Everyone likes to believe that he or she is altruistic to a decent extent, that is, unselfish in behavior that benefits others without regard to consequences or rewards for oneself. No one, after all, would regard himself or herself as selfish or unethical. While the word altruism may carry with it a connotation of extreme attitudes or behaviors of pure compassion and empathy towards others, less extreme and more common concepts that tie in with altruism include courtesy, politeness, and civility.
There have been both supporters who see courtesy as a necessity and critics who think it is the new political correctness (Cicognani, E.,1993). But throughout the debate about courtesy, there appears to have been some confusion about what it is exactly and why it is important. Adam Smith recognized that the desire to do the right thing by others is based on a deeply rooted human need to feel worthy in the eyes of others (Billante & Saunders, 2000).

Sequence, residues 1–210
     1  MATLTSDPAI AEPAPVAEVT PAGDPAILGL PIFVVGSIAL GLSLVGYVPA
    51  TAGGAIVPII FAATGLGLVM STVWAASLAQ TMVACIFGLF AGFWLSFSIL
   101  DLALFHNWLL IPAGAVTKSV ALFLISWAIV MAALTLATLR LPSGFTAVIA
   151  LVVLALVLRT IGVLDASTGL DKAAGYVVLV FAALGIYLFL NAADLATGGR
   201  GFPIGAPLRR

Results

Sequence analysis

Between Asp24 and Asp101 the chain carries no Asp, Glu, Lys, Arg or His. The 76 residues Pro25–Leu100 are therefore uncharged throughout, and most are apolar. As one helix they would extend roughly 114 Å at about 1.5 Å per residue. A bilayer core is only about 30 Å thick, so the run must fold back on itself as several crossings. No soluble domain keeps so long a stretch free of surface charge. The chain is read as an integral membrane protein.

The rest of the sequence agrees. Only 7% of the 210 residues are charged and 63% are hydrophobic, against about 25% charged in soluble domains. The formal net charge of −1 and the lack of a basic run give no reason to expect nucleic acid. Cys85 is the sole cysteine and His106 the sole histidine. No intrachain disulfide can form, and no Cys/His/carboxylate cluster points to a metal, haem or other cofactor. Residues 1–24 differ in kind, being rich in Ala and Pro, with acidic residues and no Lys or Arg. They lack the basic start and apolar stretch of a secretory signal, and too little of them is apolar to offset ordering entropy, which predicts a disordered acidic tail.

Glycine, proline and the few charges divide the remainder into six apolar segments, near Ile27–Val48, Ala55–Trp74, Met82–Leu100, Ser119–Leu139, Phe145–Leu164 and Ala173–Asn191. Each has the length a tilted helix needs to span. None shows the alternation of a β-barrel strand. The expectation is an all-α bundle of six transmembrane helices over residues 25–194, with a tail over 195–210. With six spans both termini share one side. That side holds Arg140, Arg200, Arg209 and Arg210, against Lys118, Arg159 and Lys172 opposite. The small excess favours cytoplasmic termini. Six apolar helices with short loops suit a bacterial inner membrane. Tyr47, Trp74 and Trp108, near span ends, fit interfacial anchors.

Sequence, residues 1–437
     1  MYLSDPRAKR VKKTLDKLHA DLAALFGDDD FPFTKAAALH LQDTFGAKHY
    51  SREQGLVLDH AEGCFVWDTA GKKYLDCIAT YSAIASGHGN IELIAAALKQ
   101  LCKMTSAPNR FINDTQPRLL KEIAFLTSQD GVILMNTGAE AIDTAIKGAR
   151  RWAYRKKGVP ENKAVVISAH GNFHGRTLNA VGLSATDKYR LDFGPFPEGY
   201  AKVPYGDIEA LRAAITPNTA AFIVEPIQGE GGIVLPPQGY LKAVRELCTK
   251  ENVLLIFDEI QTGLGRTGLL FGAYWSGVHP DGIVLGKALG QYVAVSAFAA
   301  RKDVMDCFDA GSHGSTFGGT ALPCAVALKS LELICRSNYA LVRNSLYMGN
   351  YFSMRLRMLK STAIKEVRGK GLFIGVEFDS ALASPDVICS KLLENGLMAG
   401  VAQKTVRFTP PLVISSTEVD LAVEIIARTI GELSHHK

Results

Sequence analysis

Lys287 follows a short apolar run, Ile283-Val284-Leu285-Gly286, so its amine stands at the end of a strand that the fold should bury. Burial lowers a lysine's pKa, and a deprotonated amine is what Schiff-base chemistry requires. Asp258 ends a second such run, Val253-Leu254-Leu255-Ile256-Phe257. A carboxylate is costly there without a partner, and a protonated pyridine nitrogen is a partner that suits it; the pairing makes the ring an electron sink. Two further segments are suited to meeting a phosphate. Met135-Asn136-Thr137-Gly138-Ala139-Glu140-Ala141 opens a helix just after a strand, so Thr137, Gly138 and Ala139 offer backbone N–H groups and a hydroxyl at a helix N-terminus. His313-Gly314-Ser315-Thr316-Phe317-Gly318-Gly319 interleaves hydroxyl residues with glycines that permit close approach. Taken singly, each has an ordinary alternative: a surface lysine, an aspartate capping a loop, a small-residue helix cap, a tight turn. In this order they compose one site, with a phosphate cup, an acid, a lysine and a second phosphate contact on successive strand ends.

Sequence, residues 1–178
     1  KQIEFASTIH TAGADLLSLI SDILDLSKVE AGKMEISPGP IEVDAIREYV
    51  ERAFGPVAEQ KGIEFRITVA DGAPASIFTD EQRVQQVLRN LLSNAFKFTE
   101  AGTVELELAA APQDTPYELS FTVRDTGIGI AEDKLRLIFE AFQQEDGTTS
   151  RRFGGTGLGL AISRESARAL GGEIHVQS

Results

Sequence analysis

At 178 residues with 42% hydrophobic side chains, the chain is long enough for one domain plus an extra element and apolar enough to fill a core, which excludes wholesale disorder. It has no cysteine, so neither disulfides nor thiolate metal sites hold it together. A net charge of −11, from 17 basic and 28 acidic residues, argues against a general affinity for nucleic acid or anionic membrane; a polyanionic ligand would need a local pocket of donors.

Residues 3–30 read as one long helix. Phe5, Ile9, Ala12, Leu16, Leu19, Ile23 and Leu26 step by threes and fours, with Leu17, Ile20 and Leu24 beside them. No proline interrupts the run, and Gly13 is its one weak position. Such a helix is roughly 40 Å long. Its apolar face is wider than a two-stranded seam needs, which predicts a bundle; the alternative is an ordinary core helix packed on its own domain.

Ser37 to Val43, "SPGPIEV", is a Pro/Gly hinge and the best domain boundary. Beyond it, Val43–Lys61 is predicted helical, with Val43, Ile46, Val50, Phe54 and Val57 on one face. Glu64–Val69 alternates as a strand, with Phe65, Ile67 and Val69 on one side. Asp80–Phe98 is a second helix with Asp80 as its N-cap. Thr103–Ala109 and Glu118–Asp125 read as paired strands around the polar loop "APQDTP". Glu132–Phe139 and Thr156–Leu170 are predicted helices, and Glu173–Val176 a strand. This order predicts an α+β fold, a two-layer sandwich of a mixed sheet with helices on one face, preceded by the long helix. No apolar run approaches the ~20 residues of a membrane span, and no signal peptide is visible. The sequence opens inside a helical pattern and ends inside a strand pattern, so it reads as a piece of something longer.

Billante and Saunders (2000), proposed that civility should be understood as being made up of three elements: civility as respect for others, civility as public behavior, and civility as self-regulation. Courtesy and social interaction between men and women and between young people and the elderly has always been central to social rules of behavior. Most people, however, would agree that thoughtful behavior and common decency are simply forgotten in today's fast-paced and self-serving world.
Our concern with such things as manners and etiquette is interesting because it acts as a measurement to people's moral virtue, social cooperation, and issues of ethics. Courtesy and consideration for others when it involves one's family, friends, or those of close relations may not be a surprising aspect. On the other hand, courtesy towards strangers requires that one behaves in certain ways towards people who...